Disaster Resources - University of Illinois Extension

Home Repair Fraud

Each year, Americans spend billions of dollars for goods and services they never receive or ones that are poor quality. Many of those dollars are misspent simply because consumers made poor decisions. But consumers also lose billions of dollars each year because of fraud.

People who are victims of a disaster are often "ripe pickings" for consumer fraud, as they may not be thinking as clearly because of stressful conditions.

What You Should Know About Consumer Fraud

Legally, fraud is the intentional misrepresentation of an important fact made to influence the buyer. However, it can be difficult to prove the misrepresentation was intentional. Also, it is often difficult to catch sellers who use fraudulent methods because consumers who have been the victims of fraud don't like to admit it.

There are seven general warning signs of fraud. One or more of these warning signs is usually present in any fraudulent situation. The warning signs are:

  • An offer of something for nothing, or free merchandise.
  • Presure to act now.
  • An offer of a kickback (a lower price or reduced fee) for referring potential clients.
  • A seller who criticizes his/her own merchandise or another seller's merchandise.
  • A contract with vague or tricky wording.
  • The seller's spoken promises are different from the contract.
  • Exaggerated claims or lavish promises.

Let's look at some specific fraudulent schemes you should be cautious of:

Home Improvement Frauds - usually target roofing, furnace or driveway repairs. To avoid becoming a victim, never pay in cash. Be careful of people who want all the money before the work has been completed. Ask to see the state licenses of plumbers, electricians, carpenters, and general contractors. Get written estimates from at least three reliable contractors. The written contract should include the costs of products and labor, the quality of materials used and the start-up and completion dates. Be sure to obtain the following from the contractor before construction begins:

Waiver of Lien - states that the contractor has paid all debts (materials and labor) related to your job.

Certificate of Liability Insurance - verifies that the contractor carries liability insurance.

Also Be Aware That

  • Uninsured workers may have the right to sue if they are injured on your property (i.e., if a floor caves in or a wall collapses).
  • Unskilled workers doing electrical or structural work may pose a serious, even life threatening, risk to the tenants of the structure.
  • A felled tree may cause damage to your property (or your neighbor's) and you are liable.
  • All electrical, plumbing, structural work and tree removal services should be performed by a licensed, insured and experienced worker.

Consumers can and should protect themselves against fraud Consumers are their own best first line of defense to protect themselves against consumer fraud. To avoid becoming a victim of fraud, consumers should:

  • Take the time to think through decisions.
  • Not allow anyone to rush them into a "deal" or signing a contract.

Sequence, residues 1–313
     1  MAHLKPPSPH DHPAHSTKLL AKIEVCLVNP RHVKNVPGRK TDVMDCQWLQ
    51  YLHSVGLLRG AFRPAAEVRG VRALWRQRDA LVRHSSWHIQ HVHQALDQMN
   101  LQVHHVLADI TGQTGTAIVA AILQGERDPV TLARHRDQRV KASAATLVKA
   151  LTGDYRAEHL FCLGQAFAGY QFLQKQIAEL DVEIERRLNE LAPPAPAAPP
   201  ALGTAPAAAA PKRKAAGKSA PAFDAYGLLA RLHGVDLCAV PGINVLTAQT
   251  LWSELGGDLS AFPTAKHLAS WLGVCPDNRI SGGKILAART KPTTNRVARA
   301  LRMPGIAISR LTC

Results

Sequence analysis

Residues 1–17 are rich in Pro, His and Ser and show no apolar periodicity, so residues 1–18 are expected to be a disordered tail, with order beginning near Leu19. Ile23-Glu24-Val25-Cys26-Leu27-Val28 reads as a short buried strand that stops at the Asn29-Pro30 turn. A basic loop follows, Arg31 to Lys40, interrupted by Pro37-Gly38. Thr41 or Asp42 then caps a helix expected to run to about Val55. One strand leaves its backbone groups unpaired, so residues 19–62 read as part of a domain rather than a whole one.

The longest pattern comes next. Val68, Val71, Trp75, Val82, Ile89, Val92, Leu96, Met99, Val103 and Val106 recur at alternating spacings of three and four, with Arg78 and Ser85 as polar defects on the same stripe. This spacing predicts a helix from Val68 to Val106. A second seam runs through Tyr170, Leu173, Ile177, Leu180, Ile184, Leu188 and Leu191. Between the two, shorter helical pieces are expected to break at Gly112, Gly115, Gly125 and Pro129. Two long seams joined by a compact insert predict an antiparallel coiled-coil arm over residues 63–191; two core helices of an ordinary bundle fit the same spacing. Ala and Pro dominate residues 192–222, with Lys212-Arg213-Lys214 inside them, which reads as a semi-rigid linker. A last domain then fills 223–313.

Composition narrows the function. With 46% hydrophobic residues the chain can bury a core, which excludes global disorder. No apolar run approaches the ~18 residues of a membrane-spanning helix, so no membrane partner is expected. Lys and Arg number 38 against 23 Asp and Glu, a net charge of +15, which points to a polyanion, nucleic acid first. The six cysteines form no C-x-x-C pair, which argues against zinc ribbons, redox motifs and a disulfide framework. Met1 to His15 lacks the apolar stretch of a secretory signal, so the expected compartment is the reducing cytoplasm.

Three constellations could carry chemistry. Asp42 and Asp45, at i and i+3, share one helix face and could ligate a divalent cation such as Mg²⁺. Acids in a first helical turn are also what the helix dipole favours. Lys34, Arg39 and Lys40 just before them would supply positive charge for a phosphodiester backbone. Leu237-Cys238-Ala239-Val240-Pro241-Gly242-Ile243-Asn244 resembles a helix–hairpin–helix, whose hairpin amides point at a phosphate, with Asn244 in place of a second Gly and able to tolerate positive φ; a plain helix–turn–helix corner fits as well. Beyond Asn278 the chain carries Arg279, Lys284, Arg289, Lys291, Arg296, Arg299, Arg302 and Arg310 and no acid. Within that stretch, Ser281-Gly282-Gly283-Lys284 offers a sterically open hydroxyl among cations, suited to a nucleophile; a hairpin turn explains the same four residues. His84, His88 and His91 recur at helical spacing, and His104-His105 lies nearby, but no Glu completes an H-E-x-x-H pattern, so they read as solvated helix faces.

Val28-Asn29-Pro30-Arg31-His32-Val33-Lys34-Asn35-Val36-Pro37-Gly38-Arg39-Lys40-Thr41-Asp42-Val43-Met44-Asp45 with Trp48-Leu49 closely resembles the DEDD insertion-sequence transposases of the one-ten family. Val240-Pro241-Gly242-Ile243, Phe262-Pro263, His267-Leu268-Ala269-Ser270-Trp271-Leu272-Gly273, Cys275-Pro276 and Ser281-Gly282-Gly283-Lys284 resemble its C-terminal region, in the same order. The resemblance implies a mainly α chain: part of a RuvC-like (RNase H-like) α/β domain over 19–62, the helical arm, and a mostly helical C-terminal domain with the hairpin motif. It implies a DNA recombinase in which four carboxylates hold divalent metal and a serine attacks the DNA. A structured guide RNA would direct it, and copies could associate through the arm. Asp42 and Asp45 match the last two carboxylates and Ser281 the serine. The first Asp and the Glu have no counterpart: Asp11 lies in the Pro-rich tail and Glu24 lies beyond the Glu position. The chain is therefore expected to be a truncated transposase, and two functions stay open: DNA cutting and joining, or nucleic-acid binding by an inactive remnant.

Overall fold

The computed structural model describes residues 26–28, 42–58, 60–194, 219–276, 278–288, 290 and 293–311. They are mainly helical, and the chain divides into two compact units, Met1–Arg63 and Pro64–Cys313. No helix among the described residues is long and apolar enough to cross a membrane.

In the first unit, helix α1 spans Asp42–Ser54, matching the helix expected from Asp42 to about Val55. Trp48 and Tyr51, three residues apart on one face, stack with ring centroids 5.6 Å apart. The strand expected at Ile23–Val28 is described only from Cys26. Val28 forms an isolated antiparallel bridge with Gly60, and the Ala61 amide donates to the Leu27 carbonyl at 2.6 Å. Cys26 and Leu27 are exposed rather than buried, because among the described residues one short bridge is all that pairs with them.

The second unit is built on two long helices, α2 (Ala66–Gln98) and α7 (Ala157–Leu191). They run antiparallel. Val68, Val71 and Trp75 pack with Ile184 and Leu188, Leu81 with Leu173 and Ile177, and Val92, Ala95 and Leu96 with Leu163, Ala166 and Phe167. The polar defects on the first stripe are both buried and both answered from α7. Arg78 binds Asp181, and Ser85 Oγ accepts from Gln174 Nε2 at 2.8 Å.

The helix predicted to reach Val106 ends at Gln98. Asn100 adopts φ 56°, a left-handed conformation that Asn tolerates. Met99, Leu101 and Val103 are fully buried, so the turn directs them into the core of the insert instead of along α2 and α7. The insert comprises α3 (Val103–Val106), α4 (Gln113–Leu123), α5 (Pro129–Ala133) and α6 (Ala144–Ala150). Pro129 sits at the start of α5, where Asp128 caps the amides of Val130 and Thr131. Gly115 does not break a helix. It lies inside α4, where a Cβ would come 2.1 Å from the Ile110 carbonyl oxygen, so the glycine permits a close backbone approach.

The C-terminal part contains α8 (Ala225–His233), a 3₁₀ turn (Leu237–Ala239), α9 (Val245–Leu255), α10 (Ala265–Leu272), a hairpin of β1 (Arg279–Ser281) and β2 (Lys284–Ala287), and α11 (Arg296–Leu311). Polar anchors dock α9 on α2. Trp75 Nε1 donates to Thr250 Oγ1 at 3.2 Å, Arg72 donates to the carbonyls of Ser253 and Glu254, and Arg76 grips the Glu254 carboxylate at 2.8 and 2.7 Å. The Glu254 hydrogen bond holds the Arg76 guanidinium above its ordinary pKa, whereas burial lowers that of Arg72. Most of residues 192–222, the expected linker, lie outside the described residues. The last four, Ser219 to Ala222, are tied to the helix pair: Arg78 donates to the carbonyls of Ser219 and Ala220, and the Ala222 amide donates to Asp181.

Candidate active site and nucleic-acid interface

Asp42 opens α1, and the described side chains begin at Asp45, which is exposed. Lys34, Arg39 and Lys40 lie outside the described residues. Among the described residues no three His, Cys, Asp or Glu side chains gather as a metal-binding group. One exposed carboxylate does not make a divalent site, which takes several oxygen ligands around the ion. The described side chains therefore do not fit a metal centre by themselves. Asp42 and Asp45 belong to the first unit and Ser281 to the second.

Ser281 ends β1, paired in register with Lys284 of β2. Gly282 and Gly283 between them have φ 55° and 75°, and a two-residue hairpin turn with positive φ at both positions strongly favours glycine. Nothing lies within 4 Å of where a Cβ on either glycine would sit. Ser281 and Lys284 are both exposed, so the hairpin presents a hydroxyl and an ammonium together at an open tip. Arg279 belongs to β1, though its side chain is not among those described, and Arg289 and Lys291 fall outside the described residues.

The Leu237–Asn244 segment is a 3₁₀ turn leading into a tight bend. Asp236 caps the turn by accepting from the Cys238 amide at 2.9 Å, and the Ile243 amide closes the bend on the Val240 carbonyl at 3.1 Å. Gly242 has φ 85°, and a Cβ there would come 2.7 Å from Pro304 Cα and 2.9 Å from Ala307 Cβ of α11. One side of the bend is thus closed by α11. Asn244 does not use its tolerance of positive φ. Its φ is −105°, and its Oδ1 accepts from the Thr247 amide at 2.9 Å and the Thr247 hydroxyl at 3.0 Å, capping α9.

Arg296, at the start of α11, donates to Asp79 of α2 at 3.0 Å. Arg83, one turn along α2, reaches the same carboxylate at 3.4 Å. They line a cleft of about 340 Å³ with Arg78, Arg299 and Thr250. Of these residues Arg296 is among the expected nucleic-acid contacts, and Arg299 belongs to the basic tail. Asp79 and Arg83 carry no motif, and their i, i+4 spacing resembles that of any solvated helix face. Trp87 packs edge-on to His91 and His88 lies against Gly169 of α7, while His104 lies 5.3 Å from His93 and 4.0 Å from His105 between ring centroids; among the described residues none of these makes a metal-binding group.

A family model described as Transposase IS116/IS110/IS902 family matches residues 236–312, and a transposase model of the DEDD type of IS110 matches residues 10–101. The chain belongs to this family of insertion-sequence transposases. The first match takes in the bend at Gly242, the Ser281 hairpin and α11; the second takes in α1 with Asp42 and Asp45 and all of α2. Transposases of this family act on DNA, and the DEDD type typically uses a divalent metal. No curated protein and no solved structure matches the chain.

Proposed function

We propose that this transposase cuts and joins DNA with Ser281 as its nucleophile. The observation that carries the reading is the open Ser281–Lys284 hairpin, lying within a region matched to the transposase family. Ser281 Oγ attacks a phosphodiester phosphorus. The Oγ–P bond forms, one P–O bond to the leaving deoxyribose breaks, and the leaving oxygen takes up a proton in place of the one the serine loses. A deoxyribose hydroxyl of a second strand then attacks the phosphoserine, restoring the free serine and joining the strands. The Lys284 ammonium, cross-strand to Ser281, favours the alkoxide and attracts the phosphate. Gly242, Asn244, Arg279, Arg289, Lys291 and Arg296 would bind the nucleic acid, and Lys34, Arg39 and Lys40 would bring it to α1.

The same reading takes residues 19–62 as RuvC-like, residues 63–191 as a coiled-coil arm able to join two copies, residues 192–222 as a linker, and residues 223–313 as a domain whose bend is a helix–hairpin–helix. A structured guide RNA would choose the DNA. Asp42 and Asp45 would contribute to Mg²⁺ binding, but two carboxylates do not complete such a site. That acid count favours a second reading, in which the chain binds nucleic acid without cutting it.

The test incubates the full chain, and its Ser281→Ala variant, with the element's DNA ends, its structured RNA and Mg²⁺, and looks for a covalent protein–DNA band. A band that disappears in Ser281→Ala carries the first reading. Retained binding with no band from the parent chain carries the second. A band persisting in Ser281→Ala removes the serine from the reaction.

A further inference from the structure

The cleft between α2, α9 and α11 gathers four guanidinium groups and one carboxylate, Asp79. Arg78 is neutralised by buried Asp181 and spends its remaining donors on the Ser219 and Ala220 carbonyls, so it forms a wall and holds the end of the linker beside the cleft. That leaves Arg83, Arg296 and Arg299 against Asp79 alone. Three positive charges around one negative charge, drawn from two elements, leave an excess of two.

• Always get a written contract.
  • Shop around. Get more than one estimate and/or ask a trusted friend to review the options before deciding.
  • Politely but firmly say "no" to situations that appear suspicious.
  • Exercise their consumer rights.
  • Be wary of door-to-door repair solicitors.
  • Make final payment when the work is completed to satisfaction.
  • Review how their family will handle the situation of someone coming to their door to sell a home repair or remodeling service. If everyone knows what to do, it will help prevent housing-related consumer fraud.

Usually, you can't legally cancel a contract without penalty after you've signed it. In a few specific situations you can:

  • If you buy merchandise from a door-to-door salesperson in your home, you have THREE business days (including Saturday) to cancel the sale if the price is $25 or more. To receive a full refund, complete the Notice of Cancellation the salesperson gave you within three business days and return the merchandise.
  • You do NOT have any automatic rights to cancel agreements you made in phone sales. The only cancellation rights you have are those promised to you by the seller.

The Federal Trade Commission (FTC) enforces antitrust laws, acts to curb deceptive advertising, packaging and selling, and even over the phone swindles. Complaints should be sent to:

Federal Trade Commission
Bureau of Consumer Protection
Pennsylvania Avenue and 6th, N. W.
Washington, D. C. 20580

The Illinois Office of the Attorney General is charged with protecting Illinois consumers against fraud and prosecuting those who practice fraud:

Office of the Illinois Attorney General
100 West Randolph Street
Chicago, IL 60601
312/814-3000

or

500 South Second
Springfield, IL 62706
217/782-1090

The Better Business Bureau can tell consumers if it has received complaints against sellers and can help consumers to resolve problems with sellers:

211 W. Wacker Drive
Chicago, IL 60606
312/444-1188 (Complaints)
312/346-3313 (Inquiries)

or

3 West-Old Capitol Plaza
Room 14
Springfield, IL 62701
217/789-1449

Alert consumers can protect themselves and others from becoming victims of fraud if they look for the warning signs and notify the authorities if they spot fraud. It is important that consumers learn to ask the right questions and think before acting.

Sources

Hunts, H.J .(1994). Consumer fraud (Fact Sheet). Urbana: University of Illinois Cooperative Extension Service.

Adapted from Fugate, M.A., Myatt, D., & Cude, B. (1994). Consumer fraud. Urbana: University of Illinois Cooperative Extension Service. Updated by Katherine J. Reuter and Barbara Dahl, June 1994.

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